Low inter-temporal rate of substitution in the good state of economy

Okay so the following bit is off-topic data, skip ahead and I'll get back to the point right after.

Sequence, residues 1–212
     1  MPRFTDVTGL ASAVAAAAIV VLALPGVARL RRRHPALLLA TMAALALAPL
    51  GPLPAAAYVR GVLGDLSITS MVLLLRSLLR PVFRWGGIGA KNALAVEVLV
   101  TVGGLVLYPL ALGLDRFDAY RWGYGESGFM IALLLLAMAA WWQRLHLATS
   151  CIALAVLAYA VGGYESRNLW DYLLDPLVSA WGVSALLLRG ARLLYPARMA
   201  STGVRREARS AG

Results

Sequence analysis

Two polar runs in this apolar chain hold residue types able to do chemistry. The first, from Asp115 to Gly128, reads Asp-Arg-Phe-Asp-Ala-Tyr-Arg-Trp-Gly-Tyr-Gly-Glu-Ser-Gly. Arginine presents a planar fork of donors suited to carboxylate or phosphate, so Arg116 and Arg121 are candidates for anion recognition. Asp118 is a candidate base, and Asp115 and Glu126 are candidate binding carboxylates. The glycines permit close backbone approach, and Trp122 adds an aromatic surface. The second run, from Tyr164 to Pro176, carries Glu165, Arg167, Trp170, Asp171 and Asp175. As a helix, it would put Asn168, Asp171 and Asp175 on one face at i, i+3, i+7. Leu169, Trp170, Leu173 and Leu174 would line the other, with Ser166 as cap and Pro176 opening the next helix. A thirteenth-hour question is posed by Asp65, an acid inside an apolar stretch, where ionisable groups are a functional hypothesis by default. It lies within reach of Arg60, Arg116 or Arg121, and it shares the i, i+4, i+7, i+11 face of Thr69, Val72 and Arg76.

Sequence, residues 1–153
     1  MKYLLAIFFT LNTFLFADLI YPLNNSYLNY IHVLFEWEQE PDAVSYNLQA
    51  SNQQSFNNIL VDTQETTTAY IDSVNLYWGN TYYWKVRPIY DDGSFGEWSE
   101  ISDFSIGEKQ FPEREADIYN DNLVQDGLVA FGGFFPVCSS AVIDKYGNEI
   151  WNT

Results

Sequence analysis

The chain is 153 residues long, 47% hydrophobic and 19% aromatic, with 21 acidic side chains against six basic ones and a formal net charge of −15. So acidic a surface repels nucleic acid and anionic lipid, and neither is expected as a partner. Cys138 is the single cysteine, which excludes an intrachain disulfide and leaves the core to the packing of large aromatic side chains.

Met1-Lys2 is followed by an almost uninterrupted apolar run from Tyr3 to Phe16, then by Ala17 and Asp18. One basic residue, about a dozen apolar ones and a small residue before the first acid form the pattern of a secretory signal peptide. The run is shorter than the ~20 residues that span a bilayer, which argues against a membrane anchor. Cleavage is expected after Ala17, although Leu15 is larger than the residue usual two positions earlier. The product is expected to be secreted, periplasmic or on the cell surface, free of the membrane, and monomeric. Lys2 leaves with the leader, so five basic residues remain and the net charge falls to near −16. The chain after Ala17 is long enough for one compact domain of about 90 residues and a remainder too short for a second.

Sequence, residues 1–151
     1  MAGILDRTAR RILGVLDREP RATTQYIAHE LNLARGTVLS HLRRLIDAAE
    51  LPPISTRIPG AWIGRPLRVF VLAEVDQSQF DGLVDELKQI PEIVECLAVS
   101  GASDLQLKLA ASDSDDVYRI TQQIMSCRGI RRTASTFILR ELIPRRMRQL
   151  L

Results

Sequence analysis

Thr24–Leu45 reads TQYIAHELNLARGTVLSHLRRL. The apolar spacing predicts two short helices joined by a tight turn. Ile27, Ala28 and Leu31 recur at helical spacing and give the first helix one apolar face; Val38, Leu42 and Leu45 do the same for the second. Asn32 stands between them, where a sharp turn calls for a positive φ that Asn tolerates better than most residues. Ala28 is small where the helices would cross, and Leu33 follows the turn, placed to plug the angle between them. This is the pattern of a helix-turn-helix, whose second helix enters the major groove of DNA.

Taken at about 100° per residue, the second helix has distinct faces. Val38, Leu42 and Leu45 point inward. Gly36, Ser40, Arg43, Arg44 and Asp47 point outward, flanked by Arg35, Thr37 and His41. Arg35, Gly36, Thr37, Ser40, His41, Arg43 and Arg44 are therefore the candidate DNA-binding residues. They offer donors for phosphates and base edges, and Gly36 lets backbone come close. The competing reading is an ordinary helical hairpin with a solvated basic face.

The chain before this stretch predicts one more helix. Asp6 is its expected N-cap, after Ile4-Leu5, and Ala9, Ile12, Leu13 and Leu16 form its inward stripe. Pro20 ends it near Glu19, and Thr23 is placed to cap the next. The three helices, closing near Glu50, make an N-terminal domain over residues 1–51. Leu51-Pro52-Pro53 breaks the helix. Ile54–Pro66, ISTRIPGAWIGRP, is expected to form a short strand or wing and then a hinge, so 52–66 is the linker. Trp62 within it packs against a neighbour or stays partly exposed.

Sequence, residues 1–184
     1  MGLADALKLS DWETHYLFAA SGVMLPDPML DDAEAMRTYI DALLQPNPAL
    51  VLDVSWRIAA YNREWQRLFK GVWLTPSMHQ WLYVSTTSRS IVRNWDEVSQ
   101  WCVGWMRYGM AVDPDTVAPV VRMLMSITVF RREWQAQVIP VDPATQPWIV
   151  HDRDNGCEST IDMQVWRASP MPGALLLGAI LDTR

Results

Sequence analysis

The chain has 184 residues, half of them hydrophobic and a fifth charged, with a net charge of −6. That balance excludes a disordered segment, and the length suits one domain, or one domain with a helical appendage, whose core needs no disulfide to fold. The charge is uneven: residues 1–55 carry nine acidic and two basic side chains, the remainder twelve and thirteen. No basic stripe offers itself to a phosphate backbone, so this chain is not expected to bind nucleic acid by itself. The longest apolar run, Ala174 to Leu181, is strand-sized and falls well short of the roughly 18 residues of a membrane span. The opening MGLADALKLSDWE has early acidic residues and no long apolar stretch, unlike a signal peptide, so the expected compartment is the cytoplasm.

I am very confused about the analysis given by textbook p409 that the inter-temporal rate was lower in the good state of economy compared with the bad state. According to the illustration before, in a good economy, investors tend to consume more today, thus, leading a relatively lower current marginal utility and a higher inter-temporal rate. Could someone help to explain the exact relationships, especially the textbook’s analysis?